I love visiting New York City but have always, deep down inside, been very intimidated by the city. It’s also made me feel a bit afraid as well despite the fact nothing threatening my safety has ever occurred while visiting. I always enjoy myself but usually with an edge of discomfort floating around on the perimeter of my brain.
Something happened on this last visit where I was incredibly comfortable in my skin and enjoyed myself to the fullest while wandering around the city, despite being 5 months pregnant. I walked around alone and never once felt the usual intimidation and edge of fear. It was very freeing. Most would say it was because I have been there enough that finally it felt familiar so I wouldn’t be nervous.
If I am being honest with myself, I know the real reason of this change in perceived fear is because of how my anxiety and depression have been doing these days. It’s not a topic I talk about too often, especially my depression, unless I show how silly anxiety can make me feel. The best way I can describe my depression is I wear it like a backpack. I feel it there, it has a pressing weight on my back, it’s an extension of me, & as long as I keep it in my sights I typically do just fine with it.
It took me many many years (and umpteen therapy sessions) to understand that a lot of my depression is directly correlated with my daily anxiety. As a result, I have worked very hard to teach myself daily awareness, coping skills, and now make decisions to alleviate my anxiety. I have also learned there is no shame in this and I am honest with the people who love me about how I am feeling. I explain the not so great days and It feels like by doing this I don’t let the mountain of negative feelings and sadness build up because I admit to them right away. I don’t bury it deep in my secret shame drawer (which eventually explodes with being overly full and overwhelms me). This seems to do a great job at keeping my depression at bay and just hanging on me like a backpack versus cloaking me in its Darth Vader cape and making me disappear.
When my depression & anxiety does get ahold of me, it can make me feel very isolated and tiny in this big world. I get lost in the idea I am a meaningless cog in the overwhelming wheel of life. I am convinced I am a burden to the people around me. It envelopes me into a fear bubble of a perceived reality that my rational self KNOWS is not real but is too overwhelmed to fix this point of view.
I have had three very serious depressive periods of my life: first when I was 16, again during college, and then in my late 20’s/early 30’s. These periods didn’t come on all at once. Instead, I describe it as standing on the ocean’s shore watching a tidal wave come painfully slow at you and feeling powerless as it crashes over you and then pulls you off your feet into its murky depths – all happening at such incrementally slow speeds that you are thinking you are ok and then you are underwater wondering what has happened. Then, I fight to not drown and it’s exhausting.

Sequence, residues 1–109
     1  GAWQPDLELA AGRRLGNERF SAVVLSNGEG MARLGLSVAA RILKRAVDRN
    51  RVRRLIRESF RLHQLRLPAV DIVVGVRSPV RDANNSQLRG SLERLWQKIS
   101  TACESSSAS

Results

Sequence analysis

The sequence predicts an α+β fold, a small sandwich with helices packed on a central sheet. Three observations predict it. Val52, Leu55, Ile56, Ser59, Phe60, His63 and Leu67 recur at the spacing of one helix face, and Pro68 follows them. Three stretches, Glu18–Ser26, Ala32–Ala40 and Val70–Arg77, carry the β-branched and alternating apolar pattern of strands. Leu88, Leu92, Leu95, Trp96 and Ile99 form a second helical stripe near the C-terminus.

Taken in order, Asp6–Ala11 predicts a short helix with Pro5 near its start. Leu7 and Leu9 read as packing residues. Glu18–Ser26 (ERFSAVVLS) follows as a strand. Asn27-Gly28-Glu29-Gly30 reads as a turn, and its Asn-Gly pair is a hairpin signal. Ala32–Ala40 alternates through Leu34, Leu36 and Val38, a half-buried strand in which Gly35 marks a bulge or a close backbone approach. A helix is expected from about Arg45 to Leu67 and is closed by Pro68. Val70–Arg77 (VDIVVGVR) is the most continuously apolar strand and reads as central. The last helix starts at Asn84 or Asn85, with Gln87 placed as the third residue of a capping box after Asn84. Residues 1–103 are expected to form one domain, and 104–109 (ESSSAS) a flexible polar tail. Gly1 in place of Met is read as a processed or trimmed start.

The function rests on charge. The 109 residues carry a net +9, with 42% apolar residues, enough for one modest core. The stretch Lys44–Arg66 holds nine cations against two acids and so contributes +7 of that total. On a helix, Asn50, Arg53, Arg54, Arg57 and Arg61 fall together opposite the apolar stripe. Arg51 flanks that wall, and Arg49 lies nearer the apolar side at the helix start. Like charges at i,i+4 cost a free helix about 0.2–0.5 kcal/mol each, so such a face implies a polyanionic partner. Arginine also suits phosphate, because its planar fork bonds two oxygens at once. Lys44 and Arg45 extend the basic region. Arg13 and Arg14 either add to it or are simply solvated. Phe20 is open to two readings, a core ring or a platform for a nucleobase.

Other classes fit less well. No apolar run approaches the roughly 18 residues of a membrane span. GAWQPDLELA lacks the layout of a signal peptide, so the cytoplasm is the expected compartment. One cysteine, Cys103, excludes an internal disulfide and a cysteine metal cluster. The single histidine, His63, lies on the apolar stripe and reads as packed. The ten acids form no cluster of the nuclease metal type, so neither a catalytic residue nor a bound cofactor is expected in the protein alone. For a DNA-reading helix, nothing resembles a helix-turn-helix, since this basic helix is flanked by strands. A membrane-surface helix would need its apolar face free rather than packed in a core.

During these times I was fully functioning in both school and work, an expert at performing to my fullest abilities but all while walking around inside my bubble of fear and loneliness. I was not truly connecting with those around me but still looking the part. This is exactly why when people decide to take their own lives it typically shocks everyone around them and comes as a complete surprise. During depression, the light is figuratively on but no one is emotionally home.
So, what changed for me? A catalyst in my finding a way to keep the depression and anxiety from becoming full blown episodes was watching the Brene Brown TedTalk Listening To Shame where she said:
“If you put shame in a Petri dish, it needs three things to grow exponentially: secrecy, silence and judgment. If you put the same amount of shame in a Petri dish and douse it with empathy, it can’t survive”
That statement stuck with me and began a very long and involved process of teaching myself to be honest, owning up to my feelings, leaning on those I trust, and stop living in my petri dish of shame. Some might say I am overly honest these days about my anxiety and depression but it’s the biggest coping method I have to try to fight against the chemical processes of my brain.
And that’s how I know this is the real reason why I did not feel that overwhelmed stress and fear while visiting NYC because this time I was honest with myself and forced myself to feel empowered during my visit. I spoke aloud my discomforts and fear to my husband and friends who then gave me very rational and emotionally supportive responses. I believed them (no matter how hard my anxiety/depression makeup didn’t want to) and confidently took on the city feeling like I had the skills I needed to enjoy myself and connect emotionally with my surroundings, instead of walking the city inside my bubble of fear and isolation.
I no longer let myself take this isolating bubble tactic in life and it has made my world an incredible rainbow coloring full of love and empathy which helps me to have more good days than bad. It’s the recommended way to live. Trust me.